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Civil War

The Haitian-born barber gave Abraham Lincoln shaves, haircuts, and friendly advice in exchange for free legal work.

Lincoln’s Secretary of the Treasury helped win the Civil War with his many financial innovations and was an ardent advocate of emancipation.

Editor's Note: Walter Stahr is a historian whose essay “The Struggles of Edwin Stanton” appeared in the Fall 2017 issue of American Heritage.

The horrors of the Civil War led to madness and suicide among many soldiers and veterans, but comparisons to modern diagnoses of PTSD are difficult.

Editor's Note: David O. Stewart has published five books of American history, including studies of Presidents George Washington, James Madison, and Andrew Johnson, and is a frequent contributor to American Heritage.

In September 1862, the South hoped to end the war by invading Maryland just before the mid-term elections. But its hopes were dashed after the bloodiest day in American history.

The brutal murder of hundreds of African-American soldiers at Fort Pillow had a profound effect on Northern sentiment during and after the Civil War.

Fighting to defeat the Confederacy, the first African American regiments also helped win for themselves the full rights and privileges of U.S. citizens.  

Editor's Note: Douglas R. Egerton is Professor of History at LeMoyne College.

As Gen. Granger read the announcement that slavery had ended, the celebration began. The date would go down in history — June nineteenth, soon shortened to Juneteenth.

GALVESTON, TEXAS, June 19, 1865 — A balding, brush-bearded officer in Union blue steps onto the balcony of the finest villa in this coastal town. On the plaza below, hundreds of Texans, black and white, wonder what this is all about. Major General Gordon Granger holds out a parch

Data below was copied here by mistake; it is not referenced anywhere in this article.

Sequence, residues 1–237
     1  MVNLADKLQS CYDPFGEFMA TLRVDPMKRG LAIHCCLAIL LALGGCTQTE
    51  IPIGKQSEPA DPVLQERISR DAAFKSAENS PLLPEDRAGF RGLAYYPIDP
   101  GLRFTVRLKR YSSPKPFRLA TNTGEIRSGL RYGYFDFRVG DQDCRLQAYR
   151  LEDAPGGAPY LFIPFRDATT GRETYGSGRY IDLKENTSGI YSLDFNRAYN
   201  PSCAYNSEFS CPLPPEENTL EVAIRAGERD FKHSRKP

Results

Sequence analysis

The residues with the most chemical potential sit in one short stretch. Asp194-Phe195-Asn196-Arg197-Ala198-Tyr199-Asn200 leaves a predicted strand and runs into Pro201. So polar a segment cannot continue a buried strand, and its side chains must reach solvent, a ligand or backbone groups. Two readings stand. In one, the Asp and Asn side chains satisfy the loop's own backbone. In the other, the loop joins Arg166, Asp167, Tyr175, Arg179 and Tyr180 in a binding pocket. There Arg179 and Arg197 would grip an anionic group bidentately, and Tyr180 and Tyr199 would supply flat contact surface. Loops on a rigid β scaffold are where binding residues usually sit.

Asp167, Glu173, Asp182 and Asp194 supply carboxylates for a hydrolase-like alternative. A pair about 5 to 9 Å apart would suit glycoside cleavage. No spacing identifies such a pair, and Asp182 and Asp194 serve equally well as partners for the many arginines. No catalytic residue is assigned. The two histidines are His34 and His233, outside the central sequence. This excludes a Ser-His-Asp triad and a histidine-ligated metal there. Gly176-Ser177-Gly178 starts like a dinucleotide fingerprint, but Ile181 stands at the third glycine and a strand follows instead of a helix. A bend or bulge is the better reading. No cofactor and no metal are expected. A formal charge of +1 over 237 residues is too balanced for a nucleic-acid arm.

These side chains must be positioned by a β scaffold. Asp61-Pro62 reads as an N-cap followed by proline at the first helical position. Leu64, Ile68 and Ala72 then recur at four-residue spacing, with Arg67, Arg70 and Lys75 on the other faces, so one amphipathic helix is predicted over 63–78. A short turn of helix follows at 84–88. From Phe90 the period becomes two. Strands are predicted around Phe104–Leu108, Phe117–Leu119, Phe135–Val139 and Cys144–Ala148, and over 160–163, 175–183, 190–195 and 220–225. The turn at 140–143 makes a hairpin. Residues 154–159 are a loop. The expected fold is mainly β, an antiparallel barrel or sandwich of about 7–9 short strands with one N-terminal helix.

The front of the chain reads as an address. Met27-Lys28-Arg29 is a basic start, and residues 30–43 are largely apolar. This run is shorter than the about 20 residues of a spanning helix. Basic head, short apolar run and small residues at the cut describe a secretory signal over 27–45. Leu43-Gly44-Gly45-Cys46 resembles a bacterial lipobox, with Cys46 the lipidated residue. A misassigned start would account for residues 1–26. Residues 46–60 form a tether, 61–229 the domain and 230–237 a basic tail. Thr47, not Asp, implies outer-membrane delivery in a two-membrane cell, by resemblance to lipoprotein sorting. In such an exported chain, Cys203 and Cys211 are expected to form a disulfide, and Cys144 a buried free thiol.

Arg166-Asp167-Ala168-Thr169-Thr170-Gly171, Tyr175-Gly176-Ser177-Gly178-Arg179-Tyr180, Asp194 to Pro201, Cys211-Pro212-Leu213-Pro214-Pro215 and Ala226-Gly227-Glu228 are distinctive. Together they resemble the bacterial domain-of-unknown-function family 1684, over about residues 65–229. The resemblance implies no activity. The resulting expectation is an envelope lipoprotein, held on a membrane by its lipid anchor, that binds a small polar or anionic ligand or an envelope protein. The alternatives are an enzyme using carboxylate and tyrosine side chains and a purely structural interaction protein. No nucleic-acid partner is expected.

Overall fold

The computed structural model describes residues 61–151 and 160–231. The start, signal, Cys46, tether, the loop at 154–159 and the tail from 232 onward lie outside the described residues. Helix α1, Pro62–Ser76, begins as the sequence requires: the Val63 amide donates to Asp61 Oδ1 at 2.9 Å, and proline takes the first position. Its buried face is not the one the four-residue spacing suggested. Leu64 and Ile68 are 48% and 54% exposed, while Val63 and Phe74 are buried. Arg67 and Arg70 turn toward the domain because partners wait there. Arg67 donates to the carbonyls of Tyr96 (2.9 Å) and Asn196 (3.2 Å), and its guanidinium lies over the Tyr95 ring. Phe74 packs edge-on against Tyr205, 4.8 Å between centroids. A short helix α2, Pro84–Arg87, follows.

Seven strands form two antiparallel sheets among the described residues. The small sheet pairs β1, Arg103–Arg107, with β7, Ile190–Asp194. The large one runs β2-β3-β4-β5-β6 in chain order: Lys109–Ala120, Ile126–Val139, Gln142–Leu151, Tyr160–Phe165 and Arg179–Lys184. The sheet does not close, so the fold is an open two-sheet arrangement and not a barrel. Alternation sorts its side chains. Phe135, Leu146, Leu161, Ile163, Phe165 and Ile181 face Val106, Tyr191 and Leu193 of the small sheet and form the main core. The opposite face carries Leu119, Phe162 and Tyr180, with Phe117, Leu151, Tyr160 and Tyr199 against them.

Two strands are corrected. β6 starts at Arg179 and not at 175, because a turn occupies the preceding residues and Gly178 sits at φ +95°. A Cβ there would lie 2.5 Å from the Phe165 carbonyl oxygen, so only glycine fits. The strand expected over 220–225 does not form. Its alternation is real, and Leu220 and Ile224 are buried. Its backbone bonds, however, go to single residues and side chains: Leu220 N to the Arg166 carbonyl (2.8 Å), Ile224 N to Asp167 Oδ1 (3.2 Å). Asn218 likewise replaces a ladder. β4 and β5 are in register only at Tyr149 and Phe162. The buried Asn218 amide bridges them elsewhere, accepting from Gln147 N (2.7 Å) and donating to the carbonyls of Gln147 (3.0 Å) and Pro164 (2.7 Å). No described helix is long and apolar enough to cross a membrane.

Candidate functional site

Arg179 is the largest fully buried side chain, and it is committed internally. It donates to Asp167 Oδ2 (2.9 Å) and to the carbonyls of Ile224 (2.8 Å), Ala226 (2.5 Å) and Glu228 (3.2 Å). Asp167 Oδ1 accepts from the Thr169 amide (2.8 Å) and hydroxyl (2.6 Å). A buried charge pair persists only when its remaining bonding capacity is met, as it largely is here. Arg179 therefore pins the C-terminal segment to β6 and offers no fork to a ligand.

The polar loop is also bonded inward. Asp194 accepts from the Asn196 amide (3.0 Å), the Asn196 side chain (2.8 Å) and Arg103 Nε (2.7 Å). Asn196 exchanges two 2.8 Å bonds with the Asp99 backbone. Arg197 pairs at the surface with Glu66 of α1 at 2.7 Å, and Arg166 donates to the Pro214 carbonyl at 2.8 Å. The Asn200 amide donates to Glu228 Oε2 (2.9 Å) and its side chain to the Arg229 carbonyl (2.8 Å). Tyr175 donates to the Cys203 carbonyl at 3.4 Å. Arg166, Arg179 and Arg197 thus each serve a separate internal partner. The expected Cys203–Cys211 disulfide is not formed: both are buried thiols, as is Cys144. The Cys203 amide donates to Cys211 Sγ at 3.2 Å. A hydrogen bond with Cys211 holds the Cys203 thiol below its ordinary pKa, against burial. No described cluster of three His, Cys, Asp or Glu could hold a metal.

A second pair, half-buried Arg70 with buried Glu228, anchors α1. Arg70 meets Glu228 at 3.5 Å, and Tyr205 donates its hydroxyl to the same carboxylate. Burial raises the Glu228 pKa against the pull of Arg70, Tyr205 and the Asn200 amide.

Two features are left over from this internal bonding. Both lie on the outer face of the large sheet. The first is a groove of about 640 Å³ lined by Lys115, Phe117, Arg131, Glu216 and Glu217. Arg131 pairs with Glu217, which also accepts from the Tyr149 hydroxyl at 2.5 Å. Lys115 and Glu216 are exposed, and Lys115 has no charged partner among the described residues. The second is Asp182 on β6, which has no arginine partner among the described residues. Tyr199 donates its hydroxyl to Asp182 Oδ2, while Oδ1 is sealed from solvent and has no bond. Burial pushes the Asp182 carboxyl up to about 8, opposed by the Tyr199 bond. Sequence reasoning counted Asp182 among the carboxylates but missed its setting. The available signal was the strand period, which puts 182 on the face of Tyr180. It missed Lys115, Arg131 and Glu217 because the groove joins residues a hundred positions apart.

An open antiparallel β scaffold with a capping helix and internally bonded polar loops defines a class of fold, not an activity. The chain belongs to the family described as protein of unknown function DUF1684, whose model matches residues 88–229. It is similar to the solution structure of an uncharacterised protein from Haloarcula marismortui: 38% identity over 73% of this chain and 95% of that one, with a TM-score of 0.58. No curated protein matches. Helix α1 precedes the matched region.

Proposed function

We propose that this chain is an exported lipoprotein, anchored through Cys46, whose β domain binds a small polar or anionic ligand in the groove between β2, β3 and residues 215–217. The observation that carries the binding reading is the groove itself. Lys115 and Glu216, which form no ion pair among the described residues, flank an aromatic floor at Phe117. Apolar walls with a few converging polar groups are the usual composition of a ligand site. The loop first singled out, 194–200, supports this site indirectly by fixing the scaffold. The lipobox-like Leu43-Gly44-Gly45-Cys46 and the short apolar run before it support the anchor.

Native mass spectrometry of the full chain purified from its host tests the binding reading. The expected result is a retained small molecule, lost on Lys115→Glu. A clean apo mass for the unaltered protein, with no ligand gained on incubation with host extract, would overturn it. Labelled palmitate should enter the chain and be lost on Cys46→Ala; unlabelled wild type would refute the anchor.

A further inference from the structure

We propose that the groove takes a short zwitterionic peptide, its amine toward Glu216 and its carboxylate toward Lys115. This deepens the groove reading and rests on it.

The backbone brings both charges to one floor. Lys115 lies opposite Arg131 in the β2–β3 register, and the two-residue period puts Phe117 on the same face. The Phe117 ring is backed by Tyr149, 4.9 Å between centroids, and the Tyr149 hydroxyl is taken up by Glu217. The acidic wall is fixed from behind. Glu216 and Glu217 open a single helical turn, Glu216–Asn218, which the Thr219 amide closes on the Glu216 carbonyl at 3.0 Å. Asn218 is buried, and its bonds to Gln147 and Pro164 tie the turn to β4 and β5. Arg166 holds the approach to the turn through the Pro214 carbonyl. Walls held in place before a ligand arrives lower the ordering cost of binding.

Our research reveals that 19 artworks in the U.S. Capitol honor men who were Confederate officers or officials. What many of them said, and did, is truly despicable.

The Army has named ten military bases in honor of men who killed 365,000 U.S. soldiers. Should they be renamed? Or left as they are, since the bases are part of a “Great American Heritage," as President Trump says?

The Army has named ten military bases in honor of men who killed 365,000 U.S. soldiers. Should they be renamed? Or left as they are, since the bases are part of a “Great American Heritage," as President Trump says?

Histories written about the nation's greatest crisis focus on Lincoln and the military campaigns. But an intriguing group of characters in Congress also played a major role, advising and prodding the President.

America faced its greatest crisis in 1861 as the nation literally unraveled and the rest of the world wondered whether its experiment in self-determination would succeed. 

Only hours after being sworn in, Lincoln faced the most momentous decision in presidential history

On March 4, 1861, Abraham Lincoln’s first day in office, a letter from Maj. Robert Anderson, commander of Fort Sumter in Charleston Harbor, landed on the new president’s desk, informing him the garrison would run out of provisions in a month or six weeks.

With five major exploring expeditions west of the Mississippi, John C. Frémont redefined the country — with the help of his wife’s promotional skills.

Editor's Note: Steve Inskeep, the host of NPR's Morning Edition, has recently published